Date of Graduation


Document Type


Degree Name

Doctor of Philosophy in Materials Science & Engineering (PhD)

Degree Level



Materials Science & Engineering


Arun Nair

Committee Member

Matthew Leftwich

Second Committee Member

Uche Wejinya

Third Committee Member

Jingyi Chen

Fourth Committee Member

Panneer Selvam


Bioinspired, Machine Learning, Tissue Scaffold, Ultrasound


Porous scaffolds mechanically stimulated with ultrasound are used for the treatment of bone conditions such as osteoporosis or traumatic bone injury. However, one current issue in these treatment techniques is designing a scaffold structure with a high structural integrity that also does not impede tissue growth. A larger ultrasound wave transmission would also allow more of a scaffold to receive mechanical stimulation from ultrasound. Controlling mesenchymal stem cell seeding of tissue scaffolds also has potential for developing optimal seeding patterns to maximize or control tissue growth in the scaffold based on an individual’s physiology. There is also a need for the development of models to evaluate changes in bone pore structure, even when porosity is constant, to predict bone fracture risk more accurately to conditions such as osteoporosis, as well as developing models that can highlight the most important variables that affect the bone growth to tailor the scaffold design to optimize the required amount and rate of bone growth to meet patient’s physiological needs. This study develops experimental and computational models of the ultrasound wave transmission in a bioinspired scaffold structure with high structural integrity using 3D printed scaffolds, immersion ultrasound transducers, finite element simulations and the bioinspired structure is found to have equal amounts of bone tissue growth as structures with uniform pore shapes. A model of bone tissue growth in a bioinspired structure a bone tissue growth algorithm is then developed, and the bioinspired structure is found to have equal amounts of bone tissue growth as the structures with uniform pore shapes. The initial seeding of mesenchymal stem cells into the scaffold is also found to significantly affect the amount of bone tissue growth by as much as 120%. Lastly, unsupervised machine learning models evaluate the effects and presence of unknown patterns on bone tissue growth from different variables using machine learning. The unsupervised machine learning model of ultrasound wave transmission in the scaffolds developed in this study was found to be 81% accurate in classifying between an anisotropic and isotropic scaffold structure. The unsupervised machine learning model in this study classifying data clusters of bone and cartilage growth in the bioinspired and square pore scaffold structures compares the clusters to the effects of features such as pore geometry, scaffold material, ultrasound frequency and wave type, and mesenchymal stem cell distribution. This study thus demonstrates a bioinspired bone tissue scaffold structure with a high structural integrity to oppose structural failure while maintaining a high ultrasound wave transmission to allow more mechanical stimulation to grow bone tissue as well as develops models that can be used to design the optimal bone tissue scaffold design to meet a patient's specific physiological needs.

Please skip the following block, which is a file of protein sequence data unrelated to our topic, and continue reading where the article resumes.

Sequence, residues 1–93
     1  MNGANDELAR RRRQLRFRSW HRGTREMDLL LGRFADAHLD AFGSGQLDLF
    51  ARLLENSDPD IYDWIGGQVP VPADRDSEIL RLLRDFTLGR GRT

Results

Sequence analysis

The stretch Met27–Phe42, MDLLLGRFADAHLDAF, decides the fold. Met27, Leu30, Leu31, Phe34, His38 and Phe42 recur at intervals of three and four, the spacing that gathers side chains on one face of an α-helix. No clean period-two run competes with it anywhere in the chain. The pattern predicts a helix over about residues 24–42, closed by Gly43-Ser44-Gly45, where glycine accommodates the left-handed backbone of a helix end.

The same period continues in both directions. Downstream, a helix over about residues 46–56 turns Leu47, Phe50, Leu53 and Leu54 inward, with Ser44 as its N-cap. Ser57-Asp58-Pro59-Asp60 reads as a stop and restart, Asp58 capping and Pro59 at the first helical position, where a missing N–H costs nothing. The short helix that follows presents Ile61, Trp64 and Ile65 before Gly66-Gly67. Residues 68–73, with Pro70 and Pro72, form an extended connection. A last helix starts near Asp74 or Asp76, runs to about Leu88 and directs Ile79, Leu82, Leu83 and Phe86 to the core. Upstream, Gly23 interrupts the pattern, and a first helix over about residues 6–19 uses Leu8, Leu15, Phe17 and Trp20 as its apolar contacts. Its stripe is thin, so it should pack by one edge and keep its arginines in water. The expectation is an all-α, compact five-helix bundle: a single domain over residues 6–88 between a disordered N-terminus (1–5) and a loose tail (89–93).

Available for download on Monday, February 17, 2025